This site is written by Christel Lane Swasey. In the photo above, I’m the one on the left. I met Renee Braddy (middle) and Alisa Ellis (right) after I saw their school board presentation on educational freedom, which is the fight against Common core. It is on YouTube: Two Moms Against Common Core. http://youtu.be/Mk0D16mNbp4 . A mutual friend sent me a link to that video, and I watched it over and over, trying to wrap my brain around what these two ladies were saying. That first week, as I researched, horrified, on my own, I could not eat or sleep. I got Alisa and Renee’s contact information and started to research alongside them.
We became Three Moms Against Common Core. Together with a few handfuls of dads, moms, grandparents and teachers we formed Utahns Against Common Core‘s website and petition in 2012. I decided to make this blog to document what I was finding. At that time, in 2012, there was almost nothing about Common Core online anywhere. The little that was there, was from the NGA/CCSSO official sites that created Common Core. We had to dig into original documents, contracts and grants to connect the dots and to see what had really happened. We’re still at it.
We Utahns Against Common Core have been at Utah State School Board meetings, local school board meetings, have spoken about our Common Core concerns to cottage groups, on radio stations, television shows, and at conferences near and far; have had meetings with legislators and with our Governor; have had many rallies and a big symposium. We aren’t alone. There are countless parents/teachers against Common Core in every state. Check out Arkansas, Idaho, Florida, California, New York and Oklahoma’s sites.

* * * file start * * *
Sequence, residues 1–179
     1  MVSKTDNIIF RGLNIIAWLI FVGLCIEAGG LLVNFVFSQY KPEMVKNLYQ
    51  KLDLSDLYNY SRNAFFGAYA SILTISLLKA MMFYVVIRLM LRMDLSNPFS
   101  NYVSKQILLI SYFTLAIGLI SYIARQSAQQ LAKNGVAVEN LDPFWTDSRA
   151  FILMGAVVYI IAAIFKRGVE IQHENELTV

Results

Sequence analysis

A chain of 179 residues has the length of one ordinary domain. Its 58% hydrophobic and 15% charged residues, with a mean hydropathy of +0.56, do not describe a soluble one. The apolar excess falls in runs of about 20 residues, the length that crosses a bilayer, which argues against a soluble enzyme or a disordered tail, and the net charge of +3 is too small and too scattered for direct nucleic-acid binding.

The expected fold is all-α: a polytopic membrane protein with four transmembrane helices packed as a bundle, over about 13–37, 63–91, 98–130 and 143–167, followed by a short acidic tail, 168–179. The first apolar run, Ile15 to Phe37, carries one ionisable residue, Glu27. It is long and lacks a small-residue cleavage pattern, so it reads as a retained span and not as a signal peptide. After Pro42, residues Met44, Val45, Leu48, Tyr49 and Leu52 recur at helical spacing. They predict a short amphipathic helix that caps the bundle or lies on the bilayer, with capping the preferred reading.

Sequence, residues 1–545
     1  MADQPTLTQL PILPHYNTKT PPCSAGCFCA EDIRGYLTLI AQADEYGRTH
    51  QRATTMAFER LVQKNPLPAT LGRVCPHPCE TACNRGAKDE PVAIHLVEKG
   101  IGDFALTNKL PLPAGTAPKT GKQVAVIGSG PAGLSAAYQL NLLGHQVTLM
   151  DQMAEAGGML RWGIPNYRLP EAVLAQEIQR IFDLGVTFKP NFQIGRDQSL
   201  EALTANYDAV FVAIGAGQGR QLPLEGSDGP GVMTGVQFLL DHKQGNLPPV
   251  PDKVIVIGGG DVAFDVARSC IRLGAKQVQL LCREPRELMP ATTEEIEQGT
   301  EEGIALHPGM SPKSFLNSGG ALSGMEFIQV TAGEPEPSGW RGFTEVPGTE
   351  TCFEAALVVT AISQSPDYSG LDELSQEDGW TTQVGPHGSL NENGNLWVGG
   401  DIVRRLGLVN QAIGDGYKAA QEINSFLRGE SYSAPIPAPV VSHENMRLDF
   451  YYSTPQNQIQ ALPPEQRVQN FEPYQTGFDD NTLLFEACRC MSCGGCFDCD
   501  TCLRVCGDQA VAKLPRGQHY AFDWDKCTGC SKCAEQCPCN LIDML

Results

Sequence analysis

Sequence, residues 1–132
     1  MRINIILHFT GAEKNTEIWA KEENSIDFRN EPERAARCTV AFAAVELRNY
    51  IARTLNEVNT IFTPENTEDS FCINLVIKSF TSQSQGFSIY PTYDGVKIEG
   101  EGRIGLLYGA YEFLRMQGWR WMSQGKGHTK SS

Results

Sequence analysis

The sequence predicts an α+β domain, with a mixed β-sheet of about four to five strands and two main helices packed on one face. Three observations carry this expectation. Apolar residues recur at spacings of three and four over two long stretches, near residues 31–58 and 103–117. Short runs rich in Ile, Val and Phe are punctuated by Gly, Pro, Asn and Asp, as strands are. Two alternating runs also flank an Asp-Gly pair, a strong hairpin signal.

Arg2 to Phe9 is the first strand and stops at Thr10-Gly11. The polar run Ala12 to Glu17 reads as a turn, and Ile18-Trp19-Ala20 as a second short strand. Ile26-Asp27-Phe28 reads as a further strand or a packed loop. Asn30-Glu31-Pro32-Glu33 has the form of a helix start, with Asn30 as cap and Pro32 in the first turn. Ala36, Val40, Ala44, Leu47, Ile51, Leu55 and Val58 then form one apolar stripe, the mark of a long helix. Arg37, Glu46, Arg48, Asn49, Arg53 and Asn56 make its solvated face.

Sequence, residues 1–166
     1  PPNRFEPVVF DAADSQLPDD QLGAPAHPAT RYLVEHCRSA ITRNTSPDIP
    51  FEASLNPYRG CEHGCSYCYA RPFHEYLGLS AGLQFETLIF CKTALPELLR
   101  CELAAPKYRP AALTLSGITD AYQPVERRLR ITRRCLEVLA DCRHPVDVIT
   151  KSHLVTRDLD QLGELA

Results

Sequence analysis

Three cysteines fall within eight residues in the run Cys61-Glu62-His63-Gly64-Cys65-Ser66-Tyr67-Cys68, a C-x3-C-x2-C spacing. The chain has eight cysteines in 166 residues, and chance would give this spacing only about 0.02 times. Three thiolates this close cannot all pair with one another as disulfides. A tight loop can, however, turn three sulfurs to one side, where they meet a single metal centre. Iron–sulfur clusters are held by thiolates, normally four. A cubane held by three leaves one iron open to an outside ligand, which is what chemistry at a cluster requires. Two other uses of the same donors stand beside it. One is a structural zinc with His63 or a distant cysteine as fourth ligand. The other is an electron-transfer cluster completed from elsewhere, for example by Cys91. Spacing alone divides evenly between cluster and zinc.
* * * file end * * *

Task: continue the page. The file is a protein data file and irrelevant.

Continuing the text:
We work hard. We don’t have funding; we print fliers, posters and T-shirts out of our home grocery budgets. We are fueled by passion for the things that matter most: God, family, country.
I’ve been teaching and writing all my life.
I have a B.A. degree in English and a M.A. degree in Communications, both from Brigham Young University. I earned my teaching credential at California State University San Bernardino. I have a Utah Cactus I.D. and my level II, 1st grade-through-postsecondary Utah teaching credential is valid and up-to-date. In the current stifling atmosphere where one cannot say that one has concerns about Common Core and maintain a job or get hired by a public school, I don’t know if the state office will ever renew my certificate to teach when it comes time, next year. We’ll see.
I am home schooling a seventh grader and a four year old right now, and I teach classes at George Mueller Academy. I taught Basic Composition and Freshman English at Utah Valley University as an adjunct professor (two years), worked as a full time grant writer for a consortium of Utah Valley charter schools (one year); taught third grade at Renaissance Academy in Lehi, Utah, and at Odyssey Charter School in American Fork, Utah (two years) and taught high school English and drama at Colton High School in Colton, California (five years).
The topic of my Master’s thesis, Ethnographic Literary Journalism, which I presented at the International Association of Literary Journalism Studies Conference in 2009 at Northwestern University, Illinois, is relevant to this site. It explains how the imaginative tools of creative, narrative writing, combined with the time-intensive, scientific methods of anthropology can create great literary journalism, or great literary anthropology. Translated, that means that even informational text-writing can be taught without killing a student’s –or a reader’s– imagination. (Full text of thesis is available here: http://contentdm.lib.byu.edu/cdm/singleitem/collection/ETD/id/1888 )